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Until a vaccine is fully tested and deemed safe, market direction will be guided by data releases, and increasingly by corporate guidance.

July 01, 2020

Highlights:

  • Headlines are increasingly focused on the surge in cases, and whether some states need to place a “pause” on the pace of their reopenings.
  • Markets are favoring the rebound trade as data globally continue, for the most part, to surprise to the upside.
  • Until a vaccine is fully tested and deemed safe, market direction will be guided by data releases, and increasingly by corporate guidance.

As we head into the summer months and take to the roads, enjoying the opening of the economy, clearer skies and warmer temperatures, economic data releases are also enjoying the air of a rebound. Looking at pictures from across the country, beaches and bars are coming back to a life reminiscent of the carefree days of just a year ago. Airports, however, so far tell another story. It’s the story that hovers over us day in and day out, as headlines post the daily COVID-19 case, hospitalization and death counts. And the headlines are becoming increasingly focused on the surge in cases, and whether some states need to place a “pause” on the pace of their respective reopenings. Already, the long-awaited opening of Disneyland and Disney California Adventure has been postponed without a new date as yet announced. Apple has been re-closing stores in parts of the country because of the spike in virus rates. In a coordinated effort, the tri-state area of New York, New Jersey and Connecticut has issued a “travel advisory” to visitors from other states that a 14-day quarantine will be required upon arrival. New York Governor Andrew Cuomo said, “We also have to make sure the virus doesn’t come on a plane again.”

Still, despite mounting, if not stretched valuations, markets are favoring the rebound trade as data globally continue, for the most part, to surprise to the upside. Unprecedented global monetary and fiscal stimuli have underpinned market performance since the March 23 low, as the expansion in money supply becomes a key factor in assessing market trajectories and valuations. With Apple making a new high following its annual developer conference, along with the Nasdaq Composite reaching a fresh intraday high at the end of June, the trading and investing community similarly remains concentrated on the broad range of technology names that buttress the digital world we increasingly live in. But as sophisticated and esoterically complicated as that world may be, names in the so-called “soup and cereal” world have also been popular, as if acknowledging that maybe, just maybe, we will have to spend even more time indoors.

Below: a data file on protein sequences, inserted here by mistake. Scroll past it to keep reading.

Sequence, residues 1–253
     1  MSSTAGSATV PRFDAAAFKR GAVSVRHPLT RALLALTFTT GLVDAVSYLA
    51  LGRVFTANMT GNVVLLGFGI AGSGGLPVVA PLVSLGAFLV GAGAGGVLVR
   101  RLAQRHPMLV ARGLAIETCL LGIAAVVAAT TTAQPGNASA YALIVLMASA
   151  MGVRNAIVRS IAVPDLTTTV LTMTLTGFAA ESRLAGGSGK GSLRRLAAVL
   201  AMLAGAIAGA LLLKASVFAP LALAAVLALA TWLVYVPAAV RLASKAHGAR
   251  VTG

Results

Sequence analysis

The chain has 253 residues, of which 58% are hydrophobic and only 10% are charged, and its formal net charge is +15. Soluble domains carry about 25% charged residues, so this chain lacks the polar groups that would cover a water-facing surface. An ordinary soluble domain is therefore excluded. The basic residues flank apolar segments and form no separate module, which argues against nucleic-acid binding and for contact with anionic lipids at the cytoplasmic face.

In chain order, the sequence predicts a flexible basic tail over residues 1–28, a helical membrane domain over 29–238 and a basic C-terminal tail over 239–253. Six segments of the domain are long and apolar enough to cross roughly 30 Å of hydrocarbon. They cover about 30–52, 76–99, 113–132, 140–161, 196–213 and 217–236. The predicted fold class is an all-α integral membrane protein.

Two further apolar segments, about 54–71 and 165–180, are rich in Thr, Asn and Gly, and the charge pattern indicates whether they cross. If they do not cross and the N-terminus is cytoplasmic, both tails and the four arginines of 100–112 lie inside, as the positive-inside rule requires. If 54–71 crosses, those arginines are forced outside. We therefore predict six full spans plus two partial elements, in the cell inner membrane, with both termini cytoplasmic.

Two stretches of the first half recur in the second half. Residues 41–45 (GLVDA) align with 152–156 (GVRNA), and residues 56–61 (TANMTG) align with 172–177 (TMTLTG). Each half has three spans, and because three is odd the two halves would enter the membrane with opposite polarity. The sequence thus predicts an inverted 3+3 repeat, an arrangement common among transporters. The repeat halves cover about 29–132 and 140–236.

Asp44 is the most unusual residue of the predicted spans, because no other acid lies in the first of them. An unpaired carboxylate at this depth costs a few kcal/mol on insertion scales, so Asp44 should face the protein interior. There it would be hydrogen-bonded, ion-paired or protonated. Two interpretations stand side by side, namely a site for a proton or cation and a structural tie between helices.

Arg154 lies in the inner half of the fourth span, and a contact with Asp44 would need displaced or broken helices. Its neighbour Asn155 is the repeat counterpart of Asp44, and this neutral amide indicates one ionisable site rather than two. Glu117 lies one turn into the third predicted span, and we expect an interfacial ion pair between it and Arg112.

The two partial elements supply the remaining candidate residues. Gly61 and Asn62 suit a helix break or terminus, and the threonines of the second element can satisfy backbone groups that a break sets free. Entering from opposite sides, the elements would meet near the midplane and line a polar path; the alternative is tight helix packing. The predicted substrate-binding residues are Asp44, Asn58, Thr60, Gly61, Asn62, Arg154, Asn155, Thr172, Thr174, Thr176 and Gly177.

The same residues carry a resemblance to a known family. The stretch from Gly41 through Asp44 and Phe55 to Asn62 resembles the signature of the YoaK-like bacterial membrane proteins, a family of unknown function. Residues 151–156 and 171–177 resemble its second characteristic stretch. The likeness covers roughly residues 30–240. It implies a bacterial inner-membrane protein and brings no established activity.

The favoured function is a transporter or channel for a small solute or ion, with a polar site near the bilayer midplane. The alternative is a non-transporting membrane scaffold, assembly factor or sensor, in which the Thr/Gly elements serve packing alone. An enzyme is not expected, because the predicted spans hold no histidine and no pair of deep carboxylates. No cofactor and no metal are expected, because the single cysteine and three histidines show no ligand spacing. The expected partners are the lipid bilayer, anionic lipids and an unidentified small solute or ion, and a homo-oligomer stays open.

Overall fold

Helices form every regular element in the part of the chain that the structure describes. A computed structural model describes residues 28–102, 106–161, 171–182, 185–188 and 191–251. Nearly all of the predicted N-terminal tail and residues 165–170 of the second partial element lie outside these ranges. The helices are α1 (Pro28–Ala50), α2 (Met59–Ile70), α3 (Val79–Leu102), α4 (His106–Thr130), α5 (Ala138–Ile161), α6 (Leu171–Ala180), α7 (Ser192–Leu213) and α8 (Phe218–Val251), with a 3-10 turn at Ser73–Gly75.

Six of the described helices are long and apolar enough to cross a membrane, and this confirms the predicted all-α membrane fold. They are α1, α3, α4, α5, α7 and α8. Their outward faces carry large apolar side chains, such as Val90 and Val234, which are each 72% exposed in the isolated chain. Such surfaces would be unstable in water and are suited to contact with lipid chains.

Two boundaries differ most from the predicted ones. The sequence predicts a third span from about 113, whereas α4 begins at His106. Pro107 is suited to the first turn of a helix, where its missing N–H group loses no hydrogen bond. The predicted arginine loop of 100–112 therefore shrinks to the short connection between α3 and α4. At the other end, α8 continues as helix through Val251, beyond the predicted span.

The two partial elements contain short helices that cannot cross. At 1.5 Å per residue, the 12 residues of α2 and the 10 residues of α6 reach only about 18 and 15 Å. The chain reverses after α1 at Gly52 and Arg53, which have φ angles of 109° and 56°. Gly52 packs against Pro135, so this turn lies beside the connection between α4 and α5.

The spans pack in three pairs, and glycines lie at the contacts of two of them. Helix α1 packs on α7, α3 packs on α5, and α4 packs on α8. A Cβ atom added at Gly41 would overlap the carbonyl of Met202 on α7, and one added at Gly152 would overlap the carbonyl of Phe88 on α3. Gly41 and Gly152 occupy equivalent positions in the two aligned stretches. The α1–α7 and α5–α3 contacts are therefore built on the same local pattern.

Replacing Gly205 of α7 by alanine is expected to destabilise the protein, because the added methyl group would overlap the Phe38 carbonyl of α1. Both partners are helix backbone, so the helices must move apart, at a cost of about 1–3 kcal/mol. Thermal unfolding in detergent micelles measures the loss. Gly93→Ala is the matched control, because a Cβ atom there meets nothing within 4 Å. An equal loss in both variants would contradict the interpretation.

June witnessed a couple of jittery bouts of selling as markets dealt with pandemic-related concerns that the economic recovery, while clearly making progress, could suffer a meaningful setback if COVID-19 isn’t contained.

The second-quarter earnings season officially begins in mid-July, and Refinitiv, a leading financial market data firm, is projecting a 43% drop in earnings. Those results will provide information that will ultimately be crucial for markets. And we will see whether corporate CEOs and CFOs are prepared to offer guidance in an environment still enveloped in uncertainty.

At the core, however, it is about the economic recovery. It is about feeling safe again, and having consumers participate fully in economic activity. If there are any catalysts that can have a cautious market shift gears quickly, they are announcements regarding progress toward a vaccine. Those are market moving, as they should be. The Fed can provide trillions of dollars of liquidity, and the government can offer as many relief packages as it wants, but the virus hovers over us and weaves itself into every aspect of our work and personal lives. Until a vaccine is fully tested and deemed safe, market direction will be guided by data releases, and increasingly by corporate guidance.

Read Quincy Krosby’s full July 2020 market commentary, “Shifting Gears" PDF (517 KB).

The views and opinions are those of the author at the time of publication and are subject to change at any time due to market or economic conditions. This document has been prepared solely for informational purposes. This is not intended to be relied upon as a forecast, research or investment advice, and is not a recommendation, offer or solicitation to buy or sell any securities or to adopt any investment strategy. The Prudential Insurance Company of America, Newark, NJ, and its affiliates. Prudential and its distributors and representatives do not provide tax, accounting, or legal advice. Please consult your own attorney or accountant. In providing these materials, the issuing companies and distributor listed above are not acting as your fiduciary as defined by any applicable laws and regulations.

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Lisa M. Bennett

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